The role of space in obstructing clinical sexual health education: A qualitative study on breast cancer patients' perspectives on barriers to expressing sexual concerns.


Gong N(1), Zhang Y(2), Suo R(3), Dong W(4), Zou W(2), Zhang M(2).
Author information:
(1)School of Nursing, Jinan University, Guangzhou, China.
(2)School of Nursing, Sun Yat-sen University, Guangzhou, China.
(3)The fifth affiliated hospital Sun Yat-sen University, Zhuhai, China.
(4)School of Global Public Health, The University of North Carolina at Chapel Hill, Chapel Hill, NC, USA.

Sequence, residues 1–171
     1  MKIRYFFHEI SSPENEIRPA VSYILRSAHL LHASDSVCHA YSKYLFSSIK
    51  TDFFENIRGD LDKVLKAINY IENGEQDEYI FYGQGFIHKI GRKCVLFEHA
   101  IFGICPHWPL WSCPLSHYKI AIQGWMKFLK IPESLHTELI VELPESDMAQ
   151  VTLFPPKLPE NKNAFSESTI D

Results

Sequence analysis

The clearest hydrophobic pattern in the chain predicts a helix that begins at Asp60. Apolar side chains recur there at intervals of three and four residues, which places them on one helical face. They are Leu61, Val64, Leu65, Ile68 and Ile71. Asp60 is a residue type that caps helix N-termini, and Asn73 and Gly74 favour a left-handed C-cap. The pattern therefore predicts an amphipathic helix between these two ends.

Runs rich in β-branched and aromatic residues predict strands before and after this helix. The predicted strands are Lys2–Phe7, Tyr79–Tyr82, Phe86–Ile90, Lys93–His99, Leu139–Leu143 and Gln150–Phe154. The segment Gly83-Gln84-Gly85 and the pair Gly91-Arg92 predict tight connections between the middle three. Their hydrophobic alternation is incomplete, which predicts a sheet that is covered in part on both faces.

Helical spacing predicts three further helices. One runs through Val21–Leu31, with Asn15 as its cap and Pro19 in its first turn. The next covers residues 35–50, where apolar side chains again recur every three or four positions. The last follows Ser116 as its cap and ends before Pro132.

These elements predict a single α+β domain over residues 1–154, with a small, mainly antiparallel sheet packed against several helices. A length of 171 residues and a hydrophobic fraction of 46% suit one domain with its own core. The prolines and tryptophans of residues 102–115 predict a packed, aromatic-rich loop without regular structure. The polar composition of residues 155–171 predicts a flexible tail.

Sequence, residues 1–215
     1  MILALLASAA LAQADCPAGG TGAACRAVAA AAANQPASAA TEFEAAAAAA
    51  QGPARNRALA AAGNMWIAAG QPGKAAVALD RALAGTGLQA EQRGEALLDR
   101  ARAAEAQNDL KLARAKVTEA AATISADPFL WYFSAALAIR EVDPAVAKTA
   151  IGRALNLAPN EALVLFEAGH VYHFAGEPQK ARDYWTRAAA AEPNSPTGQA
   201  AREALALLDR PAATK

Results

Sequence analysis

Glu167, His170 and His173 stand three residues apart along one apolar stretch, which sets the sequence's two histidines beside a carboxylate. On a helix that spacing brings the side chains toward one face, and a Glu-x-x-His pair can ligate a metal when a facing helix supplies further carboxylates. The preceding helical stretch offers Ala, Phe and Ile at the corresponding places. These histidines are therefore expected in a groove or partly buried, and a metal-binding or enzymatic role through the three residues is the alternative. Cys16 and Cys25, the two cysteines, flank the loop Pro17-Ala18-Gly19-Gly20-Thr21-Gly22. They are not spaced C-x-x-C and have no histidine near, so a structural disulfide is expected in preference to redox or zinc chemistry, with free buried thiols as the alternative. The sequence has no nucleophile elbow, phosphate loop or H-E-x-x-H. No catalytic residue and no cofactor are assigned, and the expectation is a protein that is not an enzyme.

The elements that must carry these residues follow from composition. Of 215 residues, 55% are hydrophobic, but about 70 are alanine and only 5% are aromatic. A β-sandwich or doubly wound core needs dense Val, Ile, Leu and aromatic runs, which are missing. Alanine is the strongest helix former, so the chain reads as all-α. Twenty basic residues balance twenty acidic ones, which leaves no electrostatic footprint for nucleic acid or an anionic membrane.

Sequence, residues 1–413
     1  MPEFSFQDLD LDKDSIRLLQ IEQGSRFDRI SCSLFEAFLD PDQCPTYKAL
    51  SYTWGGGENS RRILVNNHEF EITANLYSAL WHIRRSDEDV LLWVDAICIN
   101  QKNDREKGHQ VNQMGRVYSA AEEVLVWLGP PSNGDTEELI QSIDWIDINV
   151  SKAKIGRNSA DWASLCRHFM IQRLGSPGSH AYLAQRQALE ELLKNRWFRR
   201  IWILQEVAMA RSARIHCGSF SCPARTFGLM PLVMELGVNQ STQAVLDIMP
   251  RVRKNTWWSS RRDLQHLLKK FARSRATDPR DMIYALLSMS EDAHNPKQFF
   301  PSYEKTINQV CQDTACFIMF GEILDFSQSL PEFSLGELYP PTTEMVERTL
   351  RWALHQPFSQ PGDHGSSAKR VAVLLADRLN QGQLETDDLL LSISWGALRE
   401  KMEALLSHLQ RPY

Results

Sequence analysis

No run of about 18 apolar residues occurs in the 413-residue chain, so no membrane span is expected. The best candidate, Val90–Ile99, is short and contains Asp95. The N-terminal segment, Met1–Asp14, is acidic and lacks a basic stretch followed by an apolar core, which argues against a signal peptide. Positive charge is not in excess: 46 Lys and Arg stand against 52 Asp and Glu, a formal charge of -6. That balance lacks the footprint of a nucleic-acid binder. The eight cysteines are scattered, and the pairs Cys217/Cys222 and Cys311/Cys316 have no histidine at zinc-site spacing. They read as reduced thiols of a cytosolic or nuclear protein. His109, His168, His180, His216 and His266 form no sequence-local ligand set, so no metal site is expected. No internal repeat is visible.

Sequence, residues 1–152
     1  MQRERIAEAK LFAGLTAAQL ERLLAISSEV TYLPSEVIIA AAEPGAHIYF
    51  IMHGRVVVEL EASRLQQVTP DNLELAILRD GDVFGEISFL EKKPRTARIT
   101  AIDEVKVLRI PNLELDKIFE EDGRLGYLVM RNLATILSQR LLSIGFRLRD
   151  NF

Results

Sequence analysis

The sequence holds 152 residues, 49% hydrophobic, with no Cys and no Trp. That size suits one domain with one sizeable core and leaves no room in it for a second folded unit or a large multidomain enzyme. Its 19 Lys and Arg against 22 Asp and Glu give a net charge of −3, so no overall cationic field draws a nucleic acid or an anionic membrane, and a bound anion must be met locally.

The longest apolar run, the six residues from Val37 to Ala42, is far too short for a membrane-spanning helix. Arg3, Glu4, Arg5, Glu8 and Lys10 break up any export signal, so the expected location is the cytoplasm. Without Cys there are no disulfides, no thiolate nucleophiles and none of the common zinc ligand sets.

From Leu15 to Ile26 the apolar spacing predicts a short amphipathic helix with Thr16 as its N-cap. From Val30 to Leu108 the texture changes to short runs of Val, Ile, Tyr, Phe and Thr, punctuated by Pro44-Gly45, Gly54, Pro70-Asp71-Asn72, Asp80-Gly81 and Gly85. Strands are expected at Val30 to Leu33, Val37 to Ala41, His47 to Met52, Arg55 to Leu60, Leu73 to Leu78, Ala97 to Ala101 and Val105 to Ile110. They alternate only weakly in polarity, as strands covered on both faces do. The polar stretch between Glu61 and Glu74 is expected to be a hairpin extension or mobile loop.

OBJECTIVE: Breast cancer patients report hoping to receive professional medical advice on sexual health and sexuality, but only few of them actively seek help from medical professionals. This study aims to gain clear understanding about barriers to patients' sexual health education seeking from the patient perspective. METHODS: A qualitative study using in-depth interviews was conducted in an urban hospital in Guangdong Province. China. 20 female breast cancer patients were selected and interviewed. The interview was recorded and transcribed verbatim. Content analysis was used for the data analysis. RESULTS: Four main barriers participants experienced to expressing sexual health education need to medical personnel included: (1) Avoiding discussion of sexuality due to the inappropriate space. (2) Avoiding sexual activity due to the disease treatment. (3) Avoiding sexual activity due to the body related distress. (4) Sexuality as a metaphor. CONCLUSIONS: It is found that breast cancer patients' expression about sexuality was constrained by the hospital, disease, body space and the cultural logic behind the three spaces. Clinical staff should provide an appropriate space for discussing sexual concerns, increase sexual health knowledge, comprehensively evaluate patients' condition and develop a culturally adaptable sexual health education.